Purdue University (4 Sections)
Students in this class learn to recognize and evaluate the rhetorical features of technical documents, such as scientific research, popular articles on technical subjects, and instructional materials. Students write two technical descriptions on a single topic, but aimed at different audiences. Students also compose two sets of instructional materials: one version for print and one version to be posted on instructables.com.
Central Areas of Inquiry: What are the goals of communicating technical knowledge? How do different conventions in writing and visual design allow technical communicators to meet those goals? What are the ethical issues involved with technical communication? What are the situational constraints of communicating with other experts? With the public? With multiple audiences?
Technology Mentoring for Introductory Composition
Purdue University (4 Sections)
This course is taught as part of the required practicum for new instructors at Purdue. Students learn skills in digital course management, comfort with innovative technology for teaching, and the best practices for writing and research with technology. Class discussions focus on trends in technology in the classroom and the value of multimodal assignments in composition.
Central Areas of Inquiry: What are the opportunities and limitations for using digital tools to assign, create, collect, and grade writing assignments? Where do multimodal projects (such as websites, videos, and infographics) fit into the goals, means, and outcomes of a freshman writing course? How can we teach and assess digital assignments without an expertise with the technology (i.e. we are trained as writers, not flimakers, graphic designers, etc)?
Purdue University (3 Sections)
This course helps students practice and understand the principles of multimedia design and implementation, with emphasis on writing in multimedia contexts. Students closely examine various multimedia products, doing oral and written analyses of a number of such pieces. Course readings focus on how different media communicate meaning, shape our reactions, and interact with one another. Students gain a working knowledge of several programs for multimedia design, including Illustrator, Photoshop, After Effects, Premiere Pro, and Adobe Media Encoder.
Central Areas of Inquiry: What are the rhetorical benefits of creating a video rather than writing an article or a blog post? How can we recognize the conventions of digital video and use that knowledge to create effective digital texts? What are the difficulties of working on multimedia with a client? What’s the difference between effective media and simply “flashy” media?
Purdue University (2 Sections)
In this course students read and write in a range of genres within professional communication. Students learn to plan, write, and adjust documents according to align their goals with the audience’s expectations. In the process, students write white papers, job documents, marketing reports, and professional memos.
Central Areas of Inquiry: What are the common conventions of “professional” documents? How do these conventions start to fracture and break down in some workplace situations? How does the concept of professionalism privilege certain speakers, writers, and audiences? How can documents shift wildly in tone, style, and design while still remaining professional?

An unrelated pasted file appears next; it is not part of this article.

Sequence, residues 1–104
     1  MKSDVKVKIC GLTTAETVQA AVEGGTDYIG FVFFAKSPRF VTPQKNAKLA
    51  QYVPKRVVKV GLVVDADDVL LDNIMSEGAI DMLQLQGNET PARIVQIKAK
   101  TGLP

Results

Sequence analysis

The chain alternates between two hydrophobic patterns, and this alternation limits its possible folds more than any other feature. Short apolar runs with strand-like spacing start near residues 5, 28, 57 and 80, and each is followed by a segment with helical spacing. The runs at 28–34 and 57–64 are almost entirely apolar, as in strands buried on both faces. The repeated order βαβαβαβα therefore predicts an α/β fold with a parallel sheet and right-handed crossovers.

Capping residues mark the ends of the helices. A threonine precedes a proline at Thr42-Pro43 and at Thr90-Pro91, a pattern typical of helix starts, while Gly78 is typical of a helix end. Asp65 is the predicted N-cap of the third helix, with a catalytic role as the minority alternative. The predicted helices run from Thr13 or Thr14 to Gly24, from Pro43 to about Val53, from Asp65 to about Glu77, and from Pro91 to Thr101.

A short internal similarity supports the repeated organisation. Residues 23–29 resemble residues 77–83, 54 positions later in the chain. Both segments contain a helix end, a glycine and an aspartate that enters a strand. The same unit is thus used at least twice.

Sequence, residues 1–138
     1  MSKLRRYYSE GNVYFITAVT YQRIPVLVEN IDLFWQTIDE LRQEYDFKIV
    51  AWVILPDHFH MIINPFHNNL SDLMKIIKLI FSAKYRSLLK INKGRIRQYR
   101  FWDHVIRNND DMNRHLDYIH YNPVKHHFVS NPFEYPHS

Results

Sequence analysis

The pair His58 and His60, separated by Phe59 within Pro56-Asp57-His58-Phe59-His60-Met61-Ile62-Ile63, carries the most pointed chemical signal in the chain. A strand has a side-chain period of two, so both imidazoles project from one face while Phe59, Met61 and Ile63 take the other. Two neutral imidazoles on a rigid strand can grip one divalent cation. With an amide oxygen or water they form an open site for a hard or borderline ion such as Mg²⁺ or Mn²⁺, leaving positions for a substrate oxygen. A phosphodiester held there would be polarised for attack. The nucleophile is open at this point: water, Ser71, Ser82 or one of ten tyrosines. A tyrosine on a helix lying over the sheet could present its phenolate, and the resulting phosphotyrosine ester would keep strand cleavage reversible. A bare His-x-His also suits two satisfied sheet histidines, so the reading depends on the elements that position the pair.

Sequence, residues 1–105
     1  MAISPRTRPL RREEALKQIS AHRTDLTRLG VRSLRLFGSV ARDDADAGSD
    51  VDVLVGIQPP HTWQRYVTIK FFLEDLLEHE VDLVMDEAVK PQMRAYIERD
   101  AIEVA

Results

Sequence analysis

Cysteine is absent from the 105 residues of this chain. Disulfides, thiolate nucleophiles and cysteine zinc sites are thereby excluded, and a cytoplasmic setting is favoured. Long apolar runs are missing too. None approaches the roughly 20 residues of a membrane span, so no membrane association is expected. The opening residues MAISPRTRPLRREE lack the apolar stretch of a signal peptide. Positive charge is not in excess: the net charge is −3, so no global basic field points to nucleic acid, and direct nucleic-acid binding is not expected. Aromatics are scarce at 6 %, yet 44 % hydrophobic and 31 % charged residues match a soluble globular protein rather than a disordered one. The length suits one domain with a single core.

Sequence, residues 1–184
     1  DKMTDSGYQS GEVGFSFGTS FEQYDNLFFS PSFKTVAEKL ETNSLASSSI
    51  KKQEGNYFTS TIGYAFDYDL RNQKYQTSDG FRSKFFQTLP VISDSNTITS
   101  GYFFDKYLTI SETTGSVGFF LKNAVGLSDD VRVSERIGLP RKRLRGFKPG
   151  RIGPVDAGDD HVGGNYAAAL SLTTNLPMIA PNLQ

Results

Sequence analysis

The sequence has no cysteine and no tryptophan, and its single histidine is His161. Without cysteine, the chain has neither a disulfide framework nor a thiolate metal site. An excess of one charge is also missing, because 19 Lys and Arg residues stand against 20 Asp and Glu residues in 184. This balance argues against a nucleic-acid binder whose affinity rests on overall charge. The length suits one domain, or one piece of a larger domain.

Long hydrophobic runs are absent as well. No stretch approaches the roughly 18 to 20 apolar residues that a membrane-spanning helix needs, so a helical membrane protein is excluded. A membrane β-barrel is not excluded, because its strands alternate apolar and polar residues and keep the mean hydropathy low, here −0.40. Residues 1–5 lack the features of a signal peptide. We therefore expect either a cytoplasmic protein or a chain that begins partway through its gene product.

Technical Writing Online
Purdue University (1 Sections)
In this class students work toward many of the same goals as a face-to-face section of technical writing. Students develop a variety of documents that communicate technical information to a range of audiences. Students create job documents, two technical descriptions, and two technical instructions in order to practice skills in information design and audience analysis. The online version of the course includes more discussions of telecommunication and multimedia forms of technical writing.
Central Areas of Inquiry: How do different conventions in writing and visual design allow technical communicators to connect with various audiences? How do digital tools and telecommunication affect collaboration, audience analysis, and the delivery of technical information?
Purdue University (5 Sections, 2 Approaches)
Writing About Writing
In this course students learn to develop an explicit meta-language for talking about writing. Students develop this meta-language by curating a web-text with artifacts and stories about their individual writing process. Students also produce an ethnographic report on the writing practices of a specific discourse community on campus, and create a documentary video to showcase the literacies associated with the discourse community.
- Syallbus for ENGL 106: Writing About Writing
- Literacy Self-Study Assignment Sheet
- Literacy Self-Study Sample Project
Students consider the intersection of rhetoric, technology, and history. Students choose one rhetorical purpose (e.g. spreading news or travel guides) and write a research paper examining how it has changed from ancient times to the present day. Later in the course, students work together to create a website that trace the relationship between genres of writing, technological innovation, and specific historical periods.
Accelerated Composition — Sports, Media, and Gaming
Clemson University (4 Sections)
This course focuses on writing and critical thinking by using an integrated approach to writing that teaches various rhetorical strategies for reading and constructing arguments (written and visual) in both print and digital environments. Students write a rhetorical analysis paper, a research paper, and a multimedia project.